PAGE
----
The Gay Agenda, Explained

No, Vanity Fair’s photo of Michael B. Jordan and Ryan Coogler is not the mainstream’s attempt to effeminize black men.

Michael B. Jordan and Ryan Coogler
Michael B. Jordan and Ryan Coogler Vanity Fair

Who is Ryan Coogler? And who is Michael B. Jordan?

Ryan Coogler and Michael B. Jordan are the young director-actor duo most famous for creating the harrowing and amazing (and amazingly shut out for Oscar consideration) Fruitvale Station. They also worked together on Creed—a critically acclaimed movie with a black director, a black star and a black love interest for the black star.  

Oh, so they received Oscar love for that, then, right?

No. But one of the white supporting actors did.

Wow. How did that happen?

Because the Oscars are whiter than Wal-Mart potato salad.

Damn. That sucks.

It does. But on the bright side, Jordan has been so successful as a movie actor that I’m no longer compelled to scream “Where’s Wallace???” at the screen every time I see him.

Why are they in the news this week?

Vanity Fair recently published a feature with the two men, who, along with being colleagues and collaborators, are apparently close friends.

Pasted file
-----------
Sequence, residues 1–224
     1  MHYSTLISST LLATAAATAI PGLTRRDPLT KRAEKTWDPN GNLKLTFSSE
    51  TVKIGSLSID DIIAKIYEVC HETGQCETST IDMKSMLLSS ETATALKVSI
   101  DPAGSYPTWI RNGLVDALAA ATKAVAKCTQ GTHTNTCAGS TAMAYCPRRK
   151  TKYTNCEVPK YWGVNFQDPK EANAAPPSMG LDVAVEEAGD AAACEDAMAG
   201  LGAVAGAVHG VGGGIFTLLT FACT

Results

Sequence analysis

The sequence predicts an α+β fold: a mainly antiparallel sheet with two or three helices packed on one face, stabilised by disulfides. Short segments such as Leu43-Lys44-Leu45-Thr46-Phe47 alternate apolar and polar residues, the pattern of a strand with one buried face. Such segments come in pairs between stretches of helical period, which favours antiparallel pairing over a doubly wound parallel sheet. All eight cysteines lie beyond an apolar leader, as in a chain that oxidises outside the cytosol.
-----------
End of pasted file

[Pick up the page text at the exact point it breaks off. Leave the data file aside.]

However, the feature was accompanied by a photo shoot. And the image that circulated around the Internet shows a solemn Jordan clutching the top of the head of the equally solemn Coogler.

OK … well, what’s the problem with that?

There is no problem with it. It shows two men who obviously share some affection for each other … sharing some affection for each other. Some people, however, did think there was a problem. That problem being that the picture effeminizes Jordan and Coogler. And is an example of the mass media emasculation of the black male. And is a sign of the gay agenda. And is even why the Warriors lost to the Lakers last week.

Wait, what? All of that from that picture? Did you neglect to mention something about it? What could possibly have made those people draw that conclusion from that?

Great question! And in order to answer that question, I’ll need to share a story: A couple years ago, because of some miscommunication with my insurance, I drove with expired registration stickers for two weeks. Which might not seem like a big deal. But I’m a black man. With a Dodge Charger. (Why a Charger? Because I enjoy being a stereotype at times. It keeps my breath fresh.) In Pittsburgh, which might be the only major American city whiter than the Oscars. Basically, I already had, like, a thousand bull’s-eyes on my back, and I didn’t need another excuse for the police to follow me and pull me over. But I chanced it for two weeks, and I fortunately made it out unstopped.

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